We need to set aside this urge to fight this change as Businesses are adopting these changes already.  We as Network Engineers need understand what the Business benefits are for automation and then understand what it means for our roles as Network Engineers moving forward.  No longer can we hide in our cubicles, in the data center, or in a dark closet with the light of our monitors aglow.  We need to have a seat at the table with our Business leaders.  We need to be discussing this evolution now so that we can help shape its adoption and its role in the future.

In Summary

We as Network Engineers with automation we can complete defined tasks, rapidly, efficiently, and accurately.  We can complete a larger number of tasks in a lot less time with a lot less effort and risk.  These are all huge benefits for us and for the Business side of things.  Building out 100 network pods now doesn’t take 3 months to complete but rather only a couple of weeks.  There is a huge return on investment (ROI) from a business perspective here.

Will we have to learn some programming?…Sure!  But, I’m not saying that we will be writing full production applications though.  I do see us tweaking scripts and code snippets to make them work for our needs so understanding basic programming concepts would be a great benefit.  I personally use my Computer Science background every time I’m discussing the needs of my application and developer teams.  With that said, I couldn’t write a program to save my life but I can talk the talk when needed.

Alright, until next time Ziglets keep it nerdy, and I promise the next Zigbit is coming soon!

Michael “Zig” Zsiga II, CCDE™ 2016::32, CCIE™ #44883 has been in the networking industry a little over 15 years. He is currently a Lead Technical Architect at ePlus in the New England region of the United States. Zig holds an active CCDE and two CCIE certifications, one in Routing and Switching and the second in Service Provider. Zig also holds a Bachelor’s of Science in Computer Science from Park University. Zig is a father, a husband, a United States Marine, a gamer, a nerd, a geek and a big soccer fan. Zig loves all technology and can usually be found in the lab learning and teaching others. Zig is a co-organizer of The Boston Network Operators Group (, runs multiple CCIE Study groups, and is a newly published author. Zig lives in New Hampshire, USA with his wife, Julie and their son Gunnar.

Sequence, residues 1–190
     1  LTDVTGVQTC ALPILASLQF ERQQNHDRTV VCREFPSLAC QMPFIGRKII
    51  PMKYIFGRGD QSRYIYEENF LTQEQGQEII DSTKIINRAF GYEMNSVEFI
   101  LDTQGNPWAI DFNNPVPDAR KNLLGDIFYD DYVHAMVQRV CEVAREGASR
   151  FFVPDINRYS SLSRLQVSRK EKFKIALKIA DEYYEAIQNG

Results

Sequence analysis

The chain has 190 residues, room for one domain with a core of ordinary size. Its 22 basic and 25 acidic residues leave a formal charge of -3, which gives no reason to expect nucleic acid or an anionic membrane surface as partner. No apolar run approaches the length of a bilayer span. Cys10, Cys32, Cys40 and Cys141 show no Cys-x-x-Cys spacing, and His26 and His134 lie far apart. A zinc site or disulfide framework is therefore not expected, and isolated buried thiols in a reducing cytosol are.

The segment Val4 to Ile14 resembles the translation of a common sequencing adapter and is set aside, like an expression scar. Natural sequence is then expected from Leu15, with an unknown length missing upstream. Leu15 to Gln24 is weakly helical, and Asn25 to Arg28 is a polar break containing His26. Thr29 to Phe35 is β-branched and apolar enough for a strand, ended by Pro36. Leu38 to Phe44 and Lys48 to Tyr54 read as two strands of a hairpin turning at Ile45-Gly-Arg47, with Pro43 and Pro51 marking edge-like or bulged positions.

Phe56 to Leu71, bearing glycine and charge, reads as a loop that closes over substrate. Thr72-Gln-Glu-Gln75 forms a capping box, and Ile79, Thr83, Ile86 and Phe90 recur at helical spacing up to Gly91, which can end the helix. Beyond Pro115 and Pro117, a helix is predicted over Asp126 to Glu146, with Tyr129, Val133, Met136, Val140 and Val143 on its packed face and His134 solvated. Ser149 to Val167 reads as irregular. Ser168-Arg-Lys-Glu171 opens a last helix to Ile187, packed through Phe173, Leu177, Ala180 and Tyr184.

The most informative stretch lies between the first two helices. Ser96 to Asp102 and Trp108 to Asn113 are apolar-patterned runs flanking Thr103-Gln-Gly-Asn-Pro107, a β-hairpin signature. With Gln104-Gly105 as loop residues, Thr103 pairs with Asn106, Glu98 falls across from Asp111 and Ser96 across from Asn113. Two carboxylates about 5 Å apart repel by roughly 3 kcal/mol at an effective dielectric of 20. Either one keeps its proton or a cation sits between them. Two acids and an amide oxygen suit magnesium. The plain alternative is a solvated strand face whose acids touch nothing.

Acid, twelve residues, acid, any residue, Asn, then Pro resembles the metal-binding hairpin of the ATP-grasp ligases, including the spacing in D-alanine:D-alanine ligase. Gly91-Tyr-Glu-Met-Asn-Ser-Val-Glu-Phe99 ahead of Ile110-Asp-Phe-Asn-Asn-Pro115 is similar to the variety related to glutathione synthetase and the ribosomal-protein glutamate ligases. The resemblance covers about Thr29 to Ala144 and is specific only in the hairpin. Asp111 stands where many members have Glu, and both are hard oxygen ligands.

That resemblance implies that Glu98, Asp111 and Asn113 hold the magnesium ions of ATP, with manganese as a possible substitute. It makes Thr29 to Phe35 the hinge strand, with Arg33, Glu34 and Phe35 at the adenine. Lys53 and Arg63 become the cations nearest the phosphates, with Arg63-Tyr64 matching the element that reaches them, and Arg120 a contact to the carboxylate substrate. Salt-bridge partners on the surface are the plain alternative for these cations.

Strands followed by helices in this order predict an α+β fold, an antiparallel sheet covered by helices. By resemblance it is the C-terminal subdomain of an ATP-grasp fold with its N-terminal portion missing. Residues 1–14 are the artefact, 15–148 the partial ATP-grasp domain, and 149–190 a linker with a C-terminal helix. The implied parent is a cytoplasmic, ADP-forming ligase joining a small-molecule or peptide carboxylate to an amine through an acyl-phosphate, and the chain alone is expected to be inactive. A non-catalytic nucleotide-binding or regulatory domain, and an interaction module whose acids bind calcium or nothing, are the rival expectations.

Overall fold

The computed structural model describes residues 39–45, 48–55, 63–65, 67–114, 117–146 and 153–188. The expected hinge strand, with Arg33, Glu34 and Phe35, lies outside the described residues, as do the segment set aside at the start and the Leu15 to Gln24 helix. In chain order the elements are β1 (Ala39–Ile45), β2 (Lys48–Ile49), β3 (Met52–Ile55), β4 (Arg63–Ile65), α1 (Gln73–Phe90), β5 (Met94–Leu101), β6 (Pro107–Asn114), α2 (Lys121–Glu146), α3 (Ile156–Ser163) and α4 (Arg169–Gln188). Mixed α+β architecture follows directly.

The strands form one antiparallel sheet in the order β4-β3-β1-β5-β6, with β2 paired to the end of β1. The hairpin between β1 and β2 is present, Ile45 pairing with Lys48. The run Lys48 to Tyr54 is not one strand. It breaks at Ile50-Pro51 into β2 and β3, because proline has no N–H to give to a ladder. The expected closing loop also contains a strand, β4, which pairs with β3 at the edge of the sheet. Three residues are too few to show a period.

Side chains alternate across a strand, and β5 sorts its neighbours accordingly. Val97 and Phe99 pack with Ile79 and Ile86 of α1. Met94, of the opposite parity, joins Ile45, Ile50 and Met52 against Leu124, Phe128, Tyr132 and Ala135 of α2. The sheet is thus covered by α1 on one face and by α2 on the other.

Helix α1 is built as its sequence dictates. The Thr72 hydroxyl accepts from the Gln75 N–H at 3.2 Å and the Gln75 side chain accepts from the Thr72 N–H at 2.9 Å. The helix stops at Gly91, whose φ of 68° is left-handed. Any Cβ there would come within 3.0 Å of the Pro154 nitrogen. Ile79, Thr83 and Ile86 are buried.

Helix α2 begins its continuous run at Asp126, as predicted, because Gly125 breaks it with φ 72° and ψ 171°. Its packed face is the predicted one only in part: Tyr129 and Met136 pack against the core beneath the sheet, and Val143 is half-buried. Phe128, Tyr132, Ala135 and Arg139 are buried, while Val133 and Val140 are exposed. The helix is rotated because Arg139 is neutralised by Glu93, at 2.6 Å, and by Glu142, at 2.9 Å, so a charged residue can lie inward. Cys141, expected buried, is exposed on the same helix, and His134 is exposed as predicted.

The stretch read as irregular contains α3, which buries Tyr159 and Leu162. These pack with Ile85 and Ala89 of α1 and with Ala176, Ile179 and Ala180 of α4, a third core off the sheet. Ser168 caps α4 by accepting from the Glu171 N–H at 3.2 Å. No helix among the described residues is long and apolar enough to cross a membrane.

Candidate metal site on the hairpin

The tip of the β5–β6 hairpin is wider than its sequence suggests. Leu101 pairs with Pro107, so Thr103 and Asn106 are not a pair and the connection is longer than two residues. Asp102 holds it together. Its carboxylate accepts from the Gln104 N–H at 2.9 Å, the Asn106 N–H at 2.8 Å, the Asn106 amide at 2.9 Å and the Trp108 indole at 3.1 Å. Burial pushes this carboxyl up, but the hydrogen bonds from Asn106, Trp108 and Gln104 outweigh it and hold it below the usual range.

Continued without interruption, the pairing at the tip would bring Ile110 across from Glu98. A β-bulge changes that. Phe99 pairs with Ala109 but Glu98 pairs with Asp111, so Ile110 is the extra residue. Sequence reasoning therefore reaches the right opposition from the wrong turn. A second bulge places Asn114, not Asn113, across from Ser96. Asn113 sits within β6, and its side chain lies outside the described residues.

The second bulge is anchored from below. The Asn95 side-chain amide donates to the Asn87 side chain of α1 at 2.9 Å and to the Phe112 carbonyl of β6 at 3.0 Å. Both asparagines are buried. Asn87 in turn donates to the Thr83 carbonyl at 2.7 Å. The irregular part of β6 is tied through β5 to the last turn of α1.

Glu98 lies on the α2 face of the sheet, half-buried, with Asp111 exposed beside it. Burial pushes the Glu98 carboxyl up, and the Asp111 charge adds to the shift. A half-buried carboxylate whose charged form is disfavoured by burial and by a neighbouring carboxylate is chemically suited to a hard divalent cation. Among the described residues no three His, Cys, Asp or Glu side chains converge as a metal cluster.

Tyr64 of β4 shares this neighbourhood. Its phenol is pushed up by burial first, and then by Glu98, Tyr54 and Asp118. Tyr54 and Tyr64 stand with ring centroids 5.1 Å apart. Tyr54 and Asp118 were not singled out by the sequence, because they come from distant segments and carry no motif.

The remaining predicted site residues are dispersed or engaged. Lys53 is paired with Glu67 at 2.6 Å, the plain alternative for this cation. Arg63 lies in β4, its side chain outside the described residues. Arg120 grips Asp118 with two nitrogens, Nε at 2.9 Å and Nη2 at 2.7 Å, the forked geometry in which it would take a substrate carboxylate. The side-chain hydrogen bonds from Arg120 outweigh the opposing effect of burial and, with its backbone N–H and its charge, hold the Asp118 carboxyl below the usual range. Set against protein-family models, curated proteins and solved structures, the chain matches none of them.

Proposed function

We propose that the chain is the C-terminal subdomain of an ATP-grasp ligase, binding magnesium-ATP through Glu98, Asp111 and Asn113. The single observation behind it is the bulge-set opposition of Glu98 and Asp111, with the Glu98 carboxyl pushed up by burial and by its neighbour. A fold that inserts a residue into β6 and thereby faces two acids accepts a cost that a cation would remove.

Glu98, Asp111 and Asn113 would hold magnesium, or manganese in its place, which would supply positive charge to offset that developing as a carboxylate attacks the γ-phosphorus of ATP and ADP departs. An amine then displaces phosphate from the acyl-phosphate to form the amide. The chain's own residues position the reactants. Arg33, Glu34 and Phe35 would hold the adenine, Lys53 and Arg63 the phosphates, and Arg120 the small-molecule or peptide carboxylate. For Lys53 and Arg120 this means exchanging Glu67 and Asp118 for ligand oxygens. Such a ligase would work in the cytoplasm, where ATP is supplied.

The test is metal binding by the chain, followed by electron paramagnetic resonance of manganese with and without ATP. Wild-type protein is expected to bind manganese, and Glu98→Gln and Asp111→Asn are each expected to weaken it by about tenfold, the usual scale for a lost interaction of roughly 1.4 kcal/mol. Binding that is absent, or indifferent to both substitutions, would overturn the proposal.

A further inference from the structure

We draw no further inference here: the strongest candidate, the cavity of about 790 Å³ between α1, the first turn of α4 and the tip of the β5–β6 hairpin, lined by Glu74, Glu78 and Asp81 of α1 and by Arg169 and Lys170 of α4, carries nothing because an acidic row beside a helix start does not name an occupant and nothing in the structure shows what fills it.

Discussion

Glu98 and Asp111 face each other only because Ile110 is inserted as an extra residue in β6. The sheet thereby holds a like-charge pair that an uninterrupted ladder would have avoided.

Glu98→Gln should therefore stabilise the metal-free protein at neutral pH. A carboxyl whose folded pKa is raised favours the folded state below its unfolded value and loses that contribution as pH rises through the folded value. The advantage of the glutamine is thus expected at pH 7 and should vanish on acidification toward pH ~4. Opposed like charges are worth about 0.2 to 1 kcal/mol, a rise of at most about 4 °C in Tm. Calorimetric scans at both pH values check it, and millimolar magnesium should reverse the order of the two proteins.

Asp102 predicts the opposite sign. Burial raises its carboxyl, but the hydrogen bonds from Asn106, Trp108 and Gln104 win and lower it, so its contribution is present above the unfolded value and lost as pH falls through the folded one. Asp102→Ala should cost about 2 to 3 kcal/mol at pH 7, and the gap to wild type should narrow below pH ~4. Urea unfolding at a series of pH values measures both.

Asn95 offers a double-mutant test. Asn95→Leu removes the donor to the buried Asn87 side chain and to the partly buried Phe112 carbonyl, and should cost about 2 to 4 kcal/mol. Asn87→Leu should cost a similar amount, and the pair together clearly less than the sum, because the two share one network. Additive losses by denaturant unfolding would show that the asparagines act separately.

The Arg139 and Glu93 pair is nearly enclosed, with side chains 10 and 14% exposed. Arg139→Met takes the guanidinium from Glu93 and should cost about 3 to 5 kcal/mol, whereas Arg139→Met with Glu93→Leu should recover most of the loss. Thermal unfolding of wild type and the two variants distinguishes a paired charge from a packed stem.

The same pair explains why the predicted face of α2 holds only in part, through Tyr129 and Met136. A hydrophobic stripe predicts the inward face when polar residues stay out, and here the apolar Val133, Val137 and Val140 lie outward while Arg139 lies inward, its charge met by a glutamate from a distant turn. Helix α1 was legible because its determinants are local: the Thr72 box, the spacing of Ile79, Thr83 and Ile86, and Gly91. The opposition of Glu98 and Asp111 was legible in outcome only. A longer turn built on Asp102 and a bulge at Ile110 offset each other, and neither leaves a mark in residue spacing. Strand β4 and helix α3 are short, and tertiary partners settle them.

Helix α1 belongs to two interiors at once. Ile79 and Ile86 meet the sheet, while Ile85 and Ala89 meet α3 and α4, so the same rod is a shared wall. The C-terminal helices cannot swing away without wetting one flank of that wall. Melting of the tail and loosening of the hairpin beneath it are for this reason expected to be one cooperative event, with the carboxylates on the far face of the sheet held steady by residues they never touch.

1. Love this! Hit’s home, even for non-techie like me. I do believe everyone should learn how to do things manually first, then take advantage of automation. Need to understand what’s happening behind the curtain and under the hood to fully take advantage of any automation. I will teach my kids how to drive a manual transmission car before an automatic – that’s the plan until I smell the burning clutch.
    Studying for Network+ now. Don’t have plans to be a Network Engineer, just want to learn. Learning manual process has made me appreciate automation.
    I want to tweet this to the world!!! Thanks Mike.

  2. Thanks Howie and I’m glad you liked it. Hoping this and some of the future posts I do can provide some more context in our daily lives.